A couple of years ago, a black and white photo of a crowded 1950s commuter train was making the rounds of social media. Not only did many of the gents in the image wear hats, but everyone in shot was reading a newspaper.
We don't live in such a different world now - those hectares of newsprint have now been replaced by smartphones in every hand. However, is there a better way to use your commute than playing Stack, or bantering with Facebook friends?
As commuter trains in our biggest cities have filled up in recent years, even those services bringing in "tree changers" from rural areas, it's become more of a challenge to use that time effectively. Here are some ideas for getting the most out of it.
1. Be seated
Let's start with logistics. You'll get more work done if you can sit for your commute, and even more if there's a tray table on which to place a laptop.
If you have the option of travelling first class, it might be worth the extra outlay in order to secure more space for productivity. If you drive to the nearest train station in the morning, consider driving to an earlier station on that line to increase your chances of gaining a seat.
If you are able to work flexible hours, you could arrange your travel times to maximise the chance of a seat (and an off-peak fare, where applicable).
At the very least, observe which part of the train is usually least full, and stand at that point on the platform each day to board.
2. Save time
It's not worth the risk of missing your train because you have to queue up at a ticket machine. Save time and simplify fare payment, by setting up auto-pay on your public transport smartcard.
3. Stay silent
Both NSW TrainLink and V/Line trains have designated quiet carriages on most of their commuter services. If you choose a seat in one of these, you'll maximise your chance of concentrating while tackling some work en route.
4. Stay connected
Though there's been talk about outfitting commuter trains with free Wi-Fi in the near future, it remains in the "maybe" pile for most travellers. There's no reason you can't work on a laptop on a train, however.
Most smartphones can act as a Wi-Fi hotspot for your laptop, or alternatively connect via Bluetooth. You'll be using up your monthly 4G allowance, of course, so temporarily turn off any data-heavy processes (eg automated backup or updates) while tethered.
5. Work offline
If you don't have the data allowance to spare, or regularly pass through mobile network blackspots, there are apps which can help you work offline on a mobile device.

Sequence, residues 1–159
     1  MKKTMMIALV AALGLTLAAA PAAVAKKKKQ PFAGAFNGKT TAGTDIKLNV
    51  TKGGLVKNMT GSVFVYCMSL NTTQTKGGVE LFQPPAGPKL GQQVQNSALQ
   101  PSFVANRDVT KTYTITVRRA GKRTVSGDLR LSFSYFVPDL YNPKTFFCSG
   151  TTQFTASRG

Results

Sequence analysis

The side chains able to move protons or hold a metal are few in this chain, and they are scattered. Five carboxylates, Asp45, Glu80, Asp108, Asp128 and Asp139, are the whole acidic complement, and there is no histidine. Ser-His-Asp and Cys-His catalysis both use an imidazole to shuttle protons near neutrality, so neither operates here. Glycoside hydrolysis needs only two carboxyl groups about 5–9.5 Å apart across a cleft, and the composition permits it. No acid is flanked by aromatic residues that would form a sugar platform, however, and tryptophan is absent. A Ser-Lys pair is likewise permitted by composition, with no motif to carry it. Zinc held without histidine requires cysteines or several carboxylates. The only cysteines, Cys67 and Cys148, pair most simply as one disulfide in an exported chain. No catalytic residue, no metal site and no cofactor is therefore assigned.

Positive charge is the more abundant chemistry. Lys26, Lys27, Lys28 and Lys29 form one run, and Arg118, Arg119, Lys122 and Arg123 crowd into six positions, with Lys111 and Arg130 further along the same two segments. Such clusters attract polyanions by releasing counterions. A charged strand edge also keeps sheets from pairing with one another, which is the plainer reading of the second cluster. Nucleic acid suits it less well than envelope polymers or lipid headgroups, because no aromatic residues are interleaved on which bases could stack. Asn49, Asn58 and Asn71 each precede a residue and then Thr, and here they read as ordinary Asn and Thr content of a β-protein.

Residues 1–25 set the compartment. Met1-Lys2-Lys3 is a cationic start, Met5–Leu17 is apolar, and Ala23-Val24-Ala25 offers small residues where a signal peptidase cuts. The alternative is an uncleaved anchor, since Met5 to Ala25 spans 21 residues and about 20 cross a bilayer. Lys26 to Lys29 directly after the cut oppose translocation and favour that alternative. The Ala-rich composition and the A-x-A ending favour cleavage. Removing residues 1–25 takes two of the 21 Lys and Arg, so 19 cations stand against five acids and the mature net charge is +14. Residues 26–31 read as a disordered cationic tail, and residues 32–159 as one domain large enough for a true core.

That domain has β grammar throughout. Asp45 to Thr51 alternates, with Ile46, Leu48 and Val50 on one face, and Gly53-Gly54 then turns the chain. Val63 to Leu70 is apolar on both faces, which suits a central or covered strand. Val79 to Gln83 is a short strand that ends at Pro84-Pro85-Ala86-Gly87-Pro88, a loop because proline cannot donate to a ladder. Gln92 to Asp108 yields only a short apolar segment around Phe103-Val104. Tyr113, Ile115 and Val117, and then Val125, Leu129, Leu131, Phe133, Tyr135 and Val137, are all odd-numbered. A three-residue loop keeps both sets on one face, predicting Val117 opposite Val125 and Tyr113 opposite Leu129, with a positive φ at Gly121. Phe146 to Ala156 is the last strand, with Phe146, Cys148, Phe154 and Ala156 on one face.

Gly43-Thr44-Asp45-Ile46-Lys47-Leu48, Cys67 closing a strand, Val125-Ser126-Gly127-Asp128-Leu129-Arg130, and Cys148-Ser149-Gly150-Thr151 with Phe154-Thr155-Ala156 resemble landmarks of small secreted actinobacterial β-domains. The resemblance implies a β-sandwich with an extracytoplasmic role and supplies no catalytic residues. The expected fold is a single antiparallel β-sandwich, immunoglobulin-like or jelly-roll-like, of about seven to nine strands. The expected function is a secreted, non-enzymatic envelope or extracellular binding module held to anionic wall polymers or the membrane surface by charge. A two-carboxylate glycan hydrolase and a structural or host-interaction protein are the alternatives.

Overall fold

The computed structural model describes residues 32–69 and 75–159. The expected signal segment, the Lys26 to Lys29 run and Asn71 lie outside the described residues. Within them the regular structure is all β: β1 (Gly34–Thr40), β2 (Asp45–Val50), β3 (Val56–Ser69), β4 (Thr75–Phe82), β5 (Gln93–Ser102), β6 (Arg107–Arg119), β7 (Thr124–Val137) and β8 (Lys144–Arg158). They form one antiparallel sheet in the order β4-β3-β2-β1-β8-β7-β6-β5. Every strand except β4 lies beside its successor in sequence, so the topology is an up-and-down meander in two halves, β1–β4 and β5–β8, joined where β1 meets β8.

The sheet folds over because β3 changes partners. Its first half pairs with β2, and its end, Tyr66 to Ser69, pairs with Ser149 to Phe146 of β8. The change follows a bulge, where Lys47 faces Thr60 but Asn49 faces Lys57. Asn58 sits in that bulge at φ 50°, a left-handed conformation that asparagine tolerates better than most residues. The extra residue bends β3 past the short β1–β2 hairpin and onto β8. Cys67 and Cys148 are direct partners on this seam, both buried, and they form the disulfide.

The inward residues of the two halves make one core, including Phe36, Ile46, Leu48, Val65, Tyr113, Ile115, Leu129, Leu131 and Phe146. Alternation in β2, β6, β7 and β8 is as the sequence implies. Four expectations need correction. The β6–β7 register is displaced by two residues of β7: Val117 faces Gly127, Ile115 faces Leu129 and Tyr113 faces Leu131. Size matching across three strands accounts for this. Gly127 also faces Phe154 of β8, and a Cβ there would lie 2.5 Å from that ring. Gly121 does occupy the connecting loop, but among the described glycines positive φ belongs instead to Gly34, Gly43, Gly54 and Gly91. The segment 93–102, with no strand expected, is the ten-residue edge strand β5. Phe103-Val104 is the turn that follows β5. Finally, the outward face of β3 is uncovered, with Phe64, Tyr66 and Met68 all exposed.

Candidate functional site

"Documents to Go", for example, can sync MS Office documents from your regular computer, allowing them to be amended offline. When back online on the same Wi-Fi connection, the changed files are updated on the original computer.
6. Add a keyboard
You may not have enough space for a laptop on your crowded train, but there might be enough room to pair a Bluetooth keyboard with a tablet or large-screen phone. It's a good way to knock off a bunch of emails or write a document, with more speed and accuracy than using your fingers to tap virtual keys.
7. Brainstorm by phone
For jotting down ideas for future projects, the Evernote app is ideal. It allows you to create a note, then attach photos or audio recordings to it. There's even a tool that allows lines to be drawn by a fingertip or stylus. Having synced, these multimedia notes can be accessed via Evernote's desktop software.
8. Use the cloud
Embracing cloud computing is a great way of extending your useful work time. In addition to the Evernote app, there are plenty of other apps which work seamlessly between devices.
One of the most popular is Dropbox; keep your most needed files in one of its folders, and they're accessible from any device. Microsoft Office is available for both Apple and Android mobile devices, and the Google Docs app also allows for Word doc creation and editing.
9. Save power
If you're using your phone for reading and don't need to be online during your commute, you can conserve your device's charge by switching it to flight mode. This is particularly helpful if there are mobile connectivity blackspots along the way, as the phone will churn through power looking for a signal.
10. Chill out
It's great to be able to work during your commute, but no-one will benefit from you being burnt out by excess email obsession.
There's a great psychological benefit to allowing a busy mind to move off work matters for a while, and fiction is a great means of achieving this. Read a novel, indulge in some escapism, and your subconscious will thank you for the break.
Tim Richards is a freelance journalist who has tackled email and Word docs on trains across four continents. His train-heavy novel Mind the Gap is available as an ebook.